Hakka Cuisine.

Ground tea leaves, peanuts, pumpkin and black and white sesame seeds and other finely milled grains, this type of :tea; is a traditional drink of the Hakkas. Today we・re in Miaoli to explore Hakka cuisine.
In the old days, our ancestors were very frugal. When we had guests there wasn・t much to offer them, so they prepared this kind of tea instead.
The Hakkas are the second largest group of people in Taiwan. They speak Mandarin, but the traditional dialect is Hakka. They are arguably the first settlers of this island.
So this is Hakka tea. I have a problem.
I don・t know if I should say haochi (used to describe solid foods) or haohe (used to describe drinks).
Hakka tea can be had as a drink, a sweet snack with crisped rice or as a savory meal with rice soaked in it.
In Hakka cuisine, rehydrated squid, salted pork and tofu skin stir fried in pork fat and stewed fatty pork are very common dishes.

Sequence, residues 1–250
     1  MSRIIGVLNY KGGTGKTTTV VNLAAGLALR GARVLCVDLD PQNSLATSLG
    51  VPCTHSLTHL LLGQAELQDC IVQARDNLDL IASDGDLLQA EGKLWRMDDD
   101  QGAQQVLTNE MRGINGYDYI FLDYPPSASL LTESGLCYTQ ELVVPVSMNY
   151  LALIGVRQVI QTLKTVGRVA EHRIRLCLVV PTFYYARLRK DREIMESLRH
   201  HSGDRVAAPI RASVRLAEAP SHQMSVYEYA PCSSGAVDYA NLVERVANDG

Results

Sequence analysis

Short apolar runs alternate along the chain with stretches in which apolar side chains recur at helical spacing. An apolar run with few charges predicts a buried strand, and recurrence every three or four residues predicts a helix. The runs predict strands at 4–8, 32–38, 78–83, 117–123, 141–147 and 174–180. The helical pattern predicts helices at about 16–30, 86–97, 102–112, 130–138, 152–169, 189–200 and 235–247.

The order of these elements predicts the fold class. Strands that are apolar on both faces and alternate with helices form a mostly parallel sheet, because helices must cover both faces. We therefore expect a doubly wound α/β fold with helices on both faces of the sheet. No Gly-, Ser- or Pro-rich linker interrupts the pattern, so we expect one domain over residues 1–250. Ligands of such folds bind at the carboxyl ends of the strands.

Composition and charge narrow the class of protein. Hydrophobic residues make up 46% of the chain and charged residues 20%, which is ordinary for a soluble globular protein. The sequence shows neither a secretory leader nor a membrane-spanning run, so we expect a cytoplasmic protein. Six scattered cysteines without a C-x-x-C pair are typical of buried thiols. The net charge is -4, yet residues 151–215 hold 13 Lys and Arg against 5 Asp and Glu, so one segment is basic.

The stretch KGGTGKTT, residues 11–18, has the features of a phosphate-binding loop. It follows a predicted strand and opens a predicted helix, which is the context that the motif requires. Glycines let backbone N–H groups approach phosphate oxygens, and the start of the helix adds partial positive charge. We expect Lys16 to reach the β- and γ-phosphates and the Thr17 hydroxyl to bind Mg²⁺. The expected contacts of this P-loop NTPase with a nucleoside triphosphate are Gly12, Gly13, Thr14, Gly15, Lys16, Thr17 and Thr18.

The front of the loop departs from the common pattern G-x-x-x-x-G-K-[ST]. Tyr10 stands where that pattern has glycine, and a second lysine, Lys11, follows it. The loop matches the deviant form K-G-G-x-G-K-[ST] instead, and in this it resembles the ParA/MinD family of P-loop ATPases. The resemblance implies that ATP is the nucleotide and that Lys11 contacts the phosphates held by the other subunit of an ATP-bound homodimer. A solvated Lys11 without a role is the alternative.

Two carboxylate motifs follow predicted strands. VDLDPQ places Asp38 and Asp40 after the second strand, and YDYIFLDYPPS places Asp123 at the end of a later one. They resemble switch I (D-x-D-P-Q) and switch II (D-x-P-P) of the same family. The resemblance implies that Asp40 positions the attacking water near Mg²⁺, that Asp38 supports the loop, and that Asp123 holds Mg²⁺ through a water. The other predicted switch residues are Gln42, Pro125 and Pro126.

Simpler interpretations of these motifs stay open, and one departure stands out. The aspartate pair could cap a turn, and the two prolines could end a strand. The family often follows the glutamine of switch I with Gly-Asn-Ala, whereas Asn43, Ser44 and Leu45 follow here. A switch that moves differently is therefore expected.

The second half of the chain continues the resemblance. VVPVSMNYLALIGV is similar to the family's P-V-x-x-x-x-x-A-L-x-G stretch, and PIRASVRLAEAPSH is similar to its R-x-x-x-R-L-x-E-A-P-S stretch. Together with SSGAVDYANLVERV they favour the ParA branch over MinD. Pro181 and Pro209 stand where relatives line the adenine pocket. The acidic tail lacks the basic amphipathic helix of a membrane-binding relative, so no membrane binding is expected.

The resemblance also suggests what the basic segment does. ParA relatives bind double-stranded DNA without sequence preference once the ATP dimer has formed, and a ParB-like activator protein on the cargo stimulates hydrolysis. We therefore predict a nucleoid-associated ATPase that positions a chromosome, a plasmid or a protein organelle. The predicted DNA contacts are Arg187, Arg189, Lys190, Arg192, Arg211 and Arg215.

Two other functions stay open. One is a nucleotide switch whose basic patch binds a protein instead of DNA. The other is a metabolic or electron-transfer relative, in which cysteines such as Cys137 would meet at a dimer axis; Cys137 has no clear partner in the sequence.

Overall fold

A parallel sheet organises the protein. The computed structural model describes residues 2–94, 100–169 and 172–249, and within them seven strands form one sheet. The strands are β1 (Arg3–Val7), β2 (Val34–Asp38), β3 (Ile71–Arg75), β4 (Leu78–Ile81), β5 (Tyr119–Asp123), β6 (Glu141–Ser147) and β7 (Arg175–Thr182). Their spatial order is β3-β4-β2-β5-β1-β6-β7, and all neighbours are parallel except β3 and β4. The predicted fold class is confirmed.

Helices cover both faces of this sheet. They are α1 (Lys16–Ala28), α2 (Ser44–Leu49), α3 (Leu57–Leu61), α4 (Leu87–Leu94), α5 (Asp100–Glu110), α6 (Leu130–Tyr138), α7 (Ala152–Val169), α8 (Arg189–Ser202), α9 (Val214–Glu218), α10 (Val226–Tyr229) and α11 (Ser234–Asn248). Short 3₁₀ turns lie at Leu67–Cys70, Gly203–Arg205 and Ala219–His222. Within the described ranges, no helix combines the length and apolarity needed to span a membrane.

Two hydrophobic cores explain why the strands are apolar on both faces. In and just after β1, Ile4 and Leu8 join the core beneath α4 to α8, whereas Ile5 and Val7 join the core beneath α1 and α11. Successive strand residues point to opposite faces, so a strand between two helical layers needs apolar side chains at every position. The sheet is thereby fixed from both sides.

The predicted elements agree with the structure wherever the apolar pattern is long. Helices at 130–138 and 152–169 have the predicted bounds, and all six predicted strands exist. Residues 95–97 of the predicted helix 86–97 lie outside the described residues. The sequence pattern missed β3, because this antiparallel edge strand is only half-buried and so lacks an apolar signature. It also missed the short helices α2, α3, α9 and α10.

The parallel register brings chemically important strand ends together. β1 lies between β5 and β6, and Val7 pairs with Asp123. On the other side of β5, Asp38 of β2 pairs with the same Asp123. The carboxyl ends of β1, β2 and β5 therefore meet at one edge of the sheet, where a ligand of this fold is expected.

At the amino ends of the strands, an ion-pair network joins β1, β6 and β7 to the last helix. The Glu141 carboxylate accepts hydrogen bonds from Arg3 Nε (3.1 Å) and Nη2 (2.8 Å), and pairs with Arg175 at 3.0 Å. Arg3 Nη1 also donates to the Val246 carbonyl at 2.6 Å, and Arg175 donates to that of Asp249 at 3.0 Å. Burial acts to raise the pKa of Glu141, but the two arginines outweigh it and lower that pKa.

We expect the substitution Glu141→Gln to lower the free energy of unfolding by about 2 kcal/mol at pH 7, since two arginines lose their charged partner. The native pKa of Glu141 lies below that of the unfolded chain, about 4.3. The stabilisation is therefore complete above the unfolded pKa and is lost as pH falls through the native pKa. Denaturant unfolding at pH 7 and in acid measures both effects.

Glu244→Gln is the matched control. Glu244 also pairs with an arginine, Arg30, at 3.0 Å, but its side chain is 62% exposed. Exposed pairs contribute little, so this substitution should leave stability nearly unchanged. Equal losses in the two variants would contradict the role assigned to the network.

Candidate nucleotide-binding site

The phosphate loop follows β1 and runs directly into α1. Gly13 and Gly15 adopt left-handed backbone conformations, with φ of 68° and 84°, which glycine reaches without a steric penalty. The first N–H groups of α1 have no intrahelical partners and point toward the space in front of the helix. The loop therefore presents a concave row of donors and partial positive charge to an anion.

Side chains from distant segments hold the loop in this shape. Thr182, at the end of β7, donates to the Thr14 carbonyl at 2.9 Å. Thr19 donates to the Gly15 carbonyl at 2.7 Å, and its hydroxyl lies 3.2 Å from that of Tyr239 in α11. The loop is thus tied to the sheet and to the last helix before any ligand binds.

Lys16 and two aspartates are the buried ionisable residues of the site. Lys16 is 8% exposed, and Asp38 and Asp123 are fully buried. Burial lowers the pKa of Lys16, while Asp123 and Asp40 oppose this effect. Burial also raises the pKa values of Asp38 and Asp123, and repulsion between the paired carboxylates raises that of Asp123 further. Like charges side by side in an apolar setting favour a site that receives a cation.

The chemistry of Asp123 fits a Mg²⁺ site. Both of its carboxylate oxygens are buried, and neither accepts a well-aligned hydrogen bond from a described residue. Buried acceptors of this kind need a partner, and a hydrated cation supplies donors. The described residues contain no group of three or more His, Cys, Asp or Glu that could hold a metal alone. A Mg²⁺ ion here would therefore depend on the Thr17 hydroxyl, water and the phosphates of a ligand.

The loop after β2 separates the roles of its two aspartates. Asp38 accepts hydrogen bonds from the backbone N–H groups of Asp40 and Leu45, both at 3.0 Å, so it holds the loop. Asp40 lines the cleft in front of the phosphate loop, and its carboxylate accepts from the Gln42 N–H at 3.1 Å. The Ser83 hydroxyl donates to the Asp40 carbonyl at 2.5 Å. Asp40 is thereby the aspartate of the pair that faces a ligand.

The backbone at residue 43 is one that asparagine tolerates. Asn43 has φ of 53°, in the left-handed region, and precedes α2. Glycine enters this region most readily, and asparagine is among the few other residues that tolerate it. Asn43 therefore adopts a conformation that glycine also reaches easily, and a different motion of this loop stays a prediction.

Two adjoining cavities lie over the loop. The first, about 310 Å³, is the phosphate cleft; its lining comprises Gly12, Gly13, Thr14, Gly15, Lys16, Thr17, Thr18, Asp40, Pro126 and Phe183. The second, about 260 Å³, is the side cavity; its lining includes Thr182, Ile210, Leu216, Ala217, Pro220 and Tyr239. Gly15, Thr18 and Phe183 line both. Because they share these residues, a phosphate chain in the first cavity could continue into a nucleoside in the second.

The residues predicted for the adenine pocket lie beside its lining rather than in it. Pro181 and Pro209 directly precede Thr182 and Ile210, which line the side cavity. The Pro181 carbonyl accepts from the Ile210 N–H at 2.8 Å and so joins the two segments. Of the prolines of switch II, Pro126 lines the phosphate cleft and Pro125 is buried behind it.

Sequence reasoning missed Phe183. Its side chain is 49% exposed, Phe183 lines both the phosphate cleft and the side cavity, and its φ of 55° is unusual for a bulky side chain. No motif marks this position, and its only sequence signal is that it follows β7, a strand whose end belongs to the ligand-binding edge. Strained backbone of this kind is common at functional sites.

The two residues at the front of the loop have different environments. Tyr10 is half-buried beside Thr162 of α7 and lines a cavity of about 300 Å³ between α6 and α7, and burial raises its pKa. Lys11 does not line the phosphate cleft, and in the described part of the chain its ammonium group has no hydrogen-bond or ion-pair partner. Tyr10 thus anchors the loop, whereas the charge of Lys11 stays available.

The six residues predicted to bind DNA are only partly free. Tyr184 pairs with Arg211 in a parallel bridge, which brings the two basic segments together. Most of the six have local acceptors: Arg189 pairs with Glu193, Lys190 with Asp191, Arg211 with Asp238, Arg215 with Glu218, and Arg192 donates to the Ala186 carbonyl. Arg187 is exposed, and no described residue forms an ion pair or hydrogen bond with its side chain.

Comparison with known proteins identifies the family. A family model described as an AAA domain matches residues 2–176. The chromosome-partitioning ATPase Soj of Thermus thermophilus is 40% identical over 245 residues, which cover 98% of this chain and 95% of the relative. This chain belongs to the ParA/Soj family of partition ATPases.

We used to use pig liver. We would wash it and stir fry it with pineapple and tree ear mushroom. It・s sweet and sour. But most people these days don・t like offal so we・re using lean pork meat.
Traditional Hakkas make religious offerings (which include the above said ingredients) twice a month and food is made out of those offerings. The idea is to be frugal, a value the Hakkas are proud of.
These foods tends to be salty and oily but there・s a reason for that.
Hakka people used to live in the mountains and there was a lot of hard labor that needed to be done, so they need the extra oil and salt in their food.
Because I live in Taipei, it・s possible that I・ve had Hakka dishes here and there, but basically without knowing so. And this time we were really in Hakka land, where we had some of my favorite dishes like intestine. This is delicious. And especially the fatty pork. I really love this one. And I know some people say that it・s more like a winter dish, but not for me. I can have this any day of the year.
溌a晃` ]濳溌a府